Wednesday, March 19, 2008

Obama, Race and the NY TIMES II

In the four articles printed in today's hard copy of the NY TIMES about Obama's More Perfect Union speech, none quoted or commented upon this quotation:
Just as black anger often proved counterproductive, so have these white resentments distracted attention from the real culprits of the middle class squeeze – a corporate culture rife with inside dealing, questionable accounting practices, and short-term greed; a Washington dominated by lobbyists and special interests; economic policies that favor the few over the many.
one article with out this quotation
article with out this quotation
third article with out this quotation
fourth article with out this quotation

The above quotation from his speech was NOT INCLUDED in the excerpts from his speech printed in the hard copy of the paper today.

This is a significant omission, and a revealing one. It is okay to talk about race and racism as long as we don't link it to the economic structure of this country. Liberals (and the NY TIMES is nothing if not the bastion of liberalism) don't want to reveal or acknowledge the connection between economics and all the other strata (politics, religions, race, gender, etc) within which we move. Obama is wrong to assert that all americans share the same dream and that we can pursue our dreams not at the expense of other's dreams. Not so. Many people dream of a decent home, a safe and nurturing community, health care as a civil right, and a job that pays a living wage (such a dream if pursued collectively not a zero sum game). Others, however, dream of getting rich. And there's the rub. It is this latter dream that comes at the expense of the former dream.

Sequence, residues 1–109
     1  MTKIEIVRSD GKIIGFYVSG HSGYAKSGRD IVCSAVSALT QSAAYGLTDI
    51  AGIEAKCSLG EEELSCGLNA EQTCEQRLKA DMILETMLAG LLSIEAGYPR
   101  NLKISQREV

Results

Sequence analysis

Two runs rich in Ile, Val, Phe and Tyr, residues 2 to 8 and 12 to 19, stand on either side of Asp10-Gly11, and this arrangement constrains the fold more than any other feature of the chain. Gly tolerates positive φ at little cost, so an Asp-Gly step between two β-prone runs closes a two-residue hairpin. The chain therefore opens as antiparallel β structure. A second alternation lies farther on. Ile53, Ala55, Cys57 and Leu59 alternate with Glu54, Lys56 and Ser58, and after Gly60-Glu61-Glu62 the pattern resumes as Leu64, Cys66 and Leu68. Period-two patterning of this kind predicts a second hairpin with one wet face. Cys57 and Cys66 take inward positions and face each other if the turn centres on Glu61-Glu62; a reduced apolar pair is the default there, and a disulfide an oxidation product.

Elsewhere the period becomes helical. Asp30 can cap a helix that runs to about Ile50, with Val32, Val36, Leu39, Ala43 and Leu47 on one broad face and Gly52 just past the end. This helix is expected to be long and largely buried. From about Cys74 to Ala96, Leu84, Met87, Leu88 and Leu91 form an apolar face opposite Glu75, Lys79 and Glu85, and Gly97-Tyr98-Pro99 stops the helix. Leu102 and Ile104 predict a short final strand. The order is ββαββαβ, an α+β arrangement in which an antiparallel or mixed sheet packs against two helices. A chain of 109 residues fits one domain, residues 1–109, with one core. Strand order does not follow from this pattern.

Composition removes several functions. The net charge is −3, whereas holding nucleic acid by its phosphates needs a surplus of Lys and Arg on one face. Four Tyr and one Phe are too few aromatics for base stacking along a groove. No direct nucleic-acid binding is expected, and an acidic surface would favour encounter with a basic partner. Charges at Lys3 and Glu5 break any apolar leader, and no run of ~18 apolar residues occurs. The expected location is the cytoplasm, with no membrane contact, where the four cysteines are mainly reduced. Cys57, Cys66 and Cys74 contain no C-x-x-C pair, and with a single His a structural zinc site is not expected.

If there is going to be an honest and open debate about race in this country (as Obama has just challenged us to have), it will have to include how our economic system depends on divide and conquer methods (race is one of those). Clearly, Obama thinks it should. It is up to the rank and file to create grassroots movements to put pressure on other power brokers to do the same. Obama is right to be hopeful, our system is extremely responsive to grassroots, popular pressure. Obama can inspire, create a rhetorical placeholder, but it is up to us, the people, to come together. And that takes a lot of tedious work as well as rewarding relationships.


janinsanfran said...

Great catch. I was on the road, so didn't read the coverage.

Duane Campell said...

Thanks for catching this.
I had not read the articles. The speech led to an intense discussion in my classes.